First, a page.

Mother Nature Vs City2South

Radar image

It is raining a bit

I am really pleased that I have a race tomorrow, to force me to do some goddam exercise. I have done close to nothing all week, which is most unlike me. Sometimes life just gets in the way and your usual routine is a physical – and literal – impossibility.

So I am pleased, except that on Thursday I started getting messages from my crew (ie, Grandpa) that Brisbane was going to be in for torrential rain this weekend. I was travelling at the time and hadn’t seen a weather forecast for about 4 days, so I told Grandpa he was a bloody liar and hung up on him.

I do not like to run in torrential rain.

Then I arrived back to Brisbane with this weird wet stuff falling from the sky and had to decide on a new approach. I love running in the rain, I told myself. It will make me a badass, and none of my family will want to come and cheer me on (which usually makes me feel guilty, especially for an unimportant training race such as the City2South) Continue reading

Just Call Me Jack

running in paradise

Running Straddie!

Stumbling along on this triathlon journey, I have become something of a ‘jack of all trades’. And yes you guessed it; a master of none.

I can now proudly swim without drowning, bike without coming last (or first) and run without losing my place in a crowd of fellow runners.

My slight improvements have been consistent but not outstanding in any of the three sports required. But now that is about to change.

Because it is time for me to become a master of running. Continue reading

Race Day Dedications

Matilda the dog

Pick me!

A few weeks ago I had the idea that I wanted to get some masking tape to stick to my bike’s handlebar, so that I could write myself a little motivation message to look at when I tackle the longest part of my triathlon – the cycling leg.

When I first thought of it, I was imagining that I’d need this reminder at Noosa, when I will attempt the mammoth Olympic-distance triathlon I began dreaming about last September.  It’s going to be a tough race, probably in the middle of a hot day, and will demand about 4 hours of effort from me.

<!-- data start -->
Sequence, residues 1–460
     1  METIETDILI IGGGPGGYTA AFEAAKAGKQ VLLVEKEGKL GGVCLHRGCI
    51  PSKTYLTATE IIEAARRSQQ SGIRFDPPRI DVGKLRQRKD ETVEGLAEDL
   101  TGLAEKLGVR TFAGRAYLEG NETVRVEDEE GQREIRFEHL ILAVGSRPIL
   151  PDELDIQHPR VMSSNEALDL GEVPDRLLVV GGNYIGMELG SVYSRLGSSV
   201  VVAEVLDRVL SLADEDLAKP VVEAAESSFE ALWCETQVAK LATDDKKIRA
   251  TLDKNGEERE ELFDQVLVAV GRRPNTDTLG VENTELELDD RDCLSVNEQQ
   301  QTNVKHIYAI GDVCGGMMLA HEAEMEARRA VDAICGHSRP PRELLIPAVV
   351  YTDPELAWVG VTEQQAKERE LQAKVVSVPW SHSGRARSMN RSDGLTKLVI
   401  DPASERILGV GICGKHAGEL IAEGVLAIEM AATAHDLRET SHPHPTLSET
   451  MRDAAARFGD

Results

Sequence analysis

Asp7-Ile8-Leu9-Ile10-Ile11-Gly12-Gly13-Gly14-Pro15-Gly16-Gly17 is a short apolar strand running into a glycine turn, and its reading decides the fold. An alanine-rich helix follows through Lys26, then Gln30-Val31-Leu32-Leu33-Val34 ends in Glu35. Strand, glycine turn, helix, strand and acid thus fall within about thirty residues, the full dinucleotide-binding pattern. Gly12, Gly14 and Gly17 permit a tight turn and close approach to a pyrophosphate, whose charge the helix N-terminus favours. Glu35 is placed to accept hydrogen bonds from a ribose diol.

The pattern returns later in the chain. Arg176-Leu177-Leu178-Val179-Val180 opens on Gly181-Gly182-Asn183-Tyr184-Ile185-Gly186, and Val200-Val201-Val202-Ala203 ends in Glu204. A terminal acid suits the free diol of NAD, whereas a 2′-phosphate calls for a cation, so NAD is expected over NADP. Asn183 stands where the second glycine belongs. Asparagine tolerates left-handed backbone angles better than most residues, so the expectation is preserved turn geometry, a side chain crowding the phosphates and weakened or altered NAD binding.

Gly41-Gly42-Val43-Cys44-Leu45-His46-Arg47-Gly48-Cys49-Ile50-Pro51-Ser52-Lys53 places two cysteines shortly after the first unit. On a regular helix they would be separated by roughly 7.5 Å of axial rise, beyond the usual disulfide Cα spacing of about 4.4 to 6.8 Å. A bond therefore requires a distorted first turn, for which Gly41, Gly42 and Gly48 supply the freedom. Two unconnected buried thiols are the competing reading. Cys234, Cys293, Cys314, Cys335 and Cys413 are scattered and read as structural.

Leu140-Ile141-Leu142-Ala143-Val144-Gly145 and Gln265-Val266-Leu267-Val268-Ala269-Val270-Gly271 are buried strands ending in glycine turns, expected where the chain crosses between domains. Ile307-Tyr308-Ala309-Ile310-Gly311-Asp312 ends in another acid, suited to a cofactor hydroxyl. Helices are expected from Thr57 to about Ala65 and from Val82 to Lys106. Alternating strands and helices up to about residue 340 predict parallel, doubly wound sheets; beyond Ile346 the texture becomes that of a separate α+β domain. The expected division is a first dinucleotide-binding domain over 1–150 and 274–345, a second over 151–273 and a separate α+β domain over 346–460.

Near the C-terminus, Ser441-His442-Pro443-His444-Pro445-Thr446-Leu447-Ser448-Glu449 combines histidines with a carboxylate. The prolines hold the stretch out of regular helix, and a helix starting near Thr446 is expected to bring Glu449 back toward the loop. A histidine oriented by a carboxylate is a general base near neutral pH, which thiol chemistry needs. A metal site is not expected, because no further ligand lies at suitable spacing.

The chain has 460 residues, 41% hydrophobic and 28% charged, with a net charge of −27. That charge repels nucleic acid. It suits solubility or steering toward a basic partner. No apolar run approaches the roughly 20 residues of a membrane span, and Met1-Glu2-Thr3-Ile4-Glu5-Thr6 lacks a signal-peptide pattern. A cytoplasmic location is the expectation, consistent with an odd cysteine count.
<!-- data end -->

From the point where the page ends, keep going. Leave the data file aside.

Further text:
The little message I’m planning on is very simple – it’s a short dedication ‘For xxx’ with three names of special people I will think about when the going gets tough.  I’ve chosen the names because I feel sure that the thought of them will spur me on – but I’ll show you who they are when we get closer.

As the idea became a steadfast commitment, I realised I could also incorporate a race day dedication on the handlebars of my bike at the Straddie Salute triathlon.  And I immediately knew who I wanted to ride for. Continue reading

The Trial Tri

mail

Receiving very exciting mail. I Have DEFINITELY WON!

After receiving confirmation in the mail (totally unexpectedly, mind you) that I had “DEFINITELY WON” lots of money, I took the plunge and quit my job.

I told my boss where to stick it and decided to dedicate a small portion of my first day of freedom to a trial triathlon.

What is a trial triathlon?  Well of course, it’s the swim-bike-run mash-up malarkey I’d been planning on doing prior to my next tri, to make sure I have my transitions figured out and that I can actually survive something close to the distances I need to be able to do. Continue reading

On Sundays We Are Fit

beautiful

Arriving at Redcliffe on Sunday morning

Ah, remember the days when a Sunday Session meant a few beers (or more) in a sunny beer garden?

In my quest to become a triathlete, many things have taken on new meanings. For instance, ‘a short bike ride’ now means anything less than 90 minutes, ‘I’m going for a run’ is no longer the punchline to a joke I’m telling and ‘doing the laundry’ means untangling 20 pairs of sports socks, 7 pairs of leggings, 2 pairs of cycling knicks, 3 of running shorts, 9 sports bras, 10 fluorescent-coloured lycra tops and a swimming costume, whilst holding your breath to avoid the stink.